The truth is, our culture sends very confusing messages to our young girls. We sexualize them day in and day out. We tell both men and women that girls are objects to be ogled and groped, sexual play things put on this Earth to satisfy the sexual desires of a man. And we tell men that they can’t help themselves because boys will be boys after all. And then, when a girl decides to embrace her sexuality, we turn our backs on her; we vilify her. Female sexuality has become a game that girls can’t seem to win. A confusing and dangerous game. Healthy female sexuality is good for everyone; it’s what we call a win-win situation for society.

“So that’s the thing about judging and labeling girls “sluts”. You put their sexuality on trial in a way that justifies sexual violence against them.” – Christa Desir

So I slut shame no more. Female sexuality is a healthy and normal thing. How a person dresses and when and who a woman chooses to have sex with is both none of my business and a infinitely small part of their life. It does not determine their value or worth. It is a personal choice and I can’t force my own values and choices onto others. And I know that there is no universe in which I deserve to pick up a rock and stone another. And no matter what, no one ever deserves to be raped.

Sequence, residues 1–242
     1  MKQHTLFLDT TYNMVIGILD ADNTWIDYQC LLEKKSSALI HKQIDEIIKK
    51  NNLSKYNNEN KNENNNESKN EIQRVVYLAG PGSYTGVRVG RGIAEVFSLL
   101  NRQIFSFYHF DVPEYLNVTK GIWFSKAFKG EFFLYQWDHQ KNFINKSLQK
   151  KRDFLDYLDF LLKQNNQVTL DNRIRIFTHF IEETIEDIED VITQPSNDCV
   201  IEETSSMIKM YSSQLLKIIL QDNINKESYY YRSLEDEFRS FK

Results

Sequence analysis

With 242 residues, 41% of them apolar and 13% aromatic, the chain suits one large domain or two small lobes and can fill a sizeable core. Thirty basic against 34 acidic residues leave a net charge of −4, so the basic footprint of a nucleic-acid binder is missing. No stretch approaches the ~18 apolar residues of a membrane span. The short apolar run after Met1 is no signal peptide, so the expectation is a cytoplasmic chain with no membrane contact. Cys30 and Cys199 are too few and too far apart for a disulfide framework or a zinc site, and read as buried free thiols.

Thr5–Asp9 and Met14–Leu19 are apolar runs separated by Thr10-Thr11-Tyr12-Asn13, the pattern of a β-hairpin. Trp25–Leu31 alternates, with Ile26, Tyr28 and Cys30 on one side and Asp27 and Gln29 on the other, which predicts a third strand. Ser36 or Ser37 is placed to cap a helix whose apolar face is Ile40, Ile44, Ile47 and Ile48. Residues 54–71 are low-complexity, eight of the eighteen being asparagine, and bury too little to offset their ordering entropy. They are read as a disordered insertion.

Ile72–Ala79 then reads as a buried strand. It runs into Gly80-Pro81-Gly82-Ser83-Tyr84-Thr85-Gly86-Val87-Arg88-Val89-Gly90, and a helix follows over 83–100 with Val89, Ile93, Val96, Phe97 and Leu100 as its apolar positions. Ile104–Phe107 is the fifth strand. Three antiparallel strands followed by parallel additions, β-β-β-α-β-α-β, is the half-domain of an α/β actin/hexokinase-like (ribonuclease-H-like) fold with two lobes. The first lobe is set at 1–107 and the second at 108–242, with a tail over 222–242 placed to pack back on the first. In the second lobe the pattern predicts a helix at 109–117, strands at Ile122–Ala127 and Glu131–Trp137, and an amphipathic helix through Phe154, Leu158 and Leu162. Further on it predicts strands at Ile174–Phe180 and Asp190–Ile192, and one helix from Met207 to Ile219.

Why I am I sharing all of this? Last week author Alexandra Duncan discovered that her book, Salvage, had been placed on a shelf in Goodreads labelled “Slut Shelf”. So she put out a challenge to do a slut shelf giveaway. Yesterday, #SVYALit Project author Christa Desir wrote her own post about The Slut Shelf and Sexual Violence, which is important and you should read it. She is also doing a Slut Shelf giveaway. And today we are doing our own giveaway that includes an ARC of the book The S Word by Chelsea Pitcher (and you should read Lourdes’ fabulous essay about this book here) and a signed copy of Where the Stars Still Shine by Trish Doller (thank you Trish!!) Simply leave a comment between now and Friday at midnight to be entered. U.S. residents only please.

Talking with Teens About Slut Shaming
Slut Shaming part 1 and part 2
Discussing The S Word by Chelsea Pitcher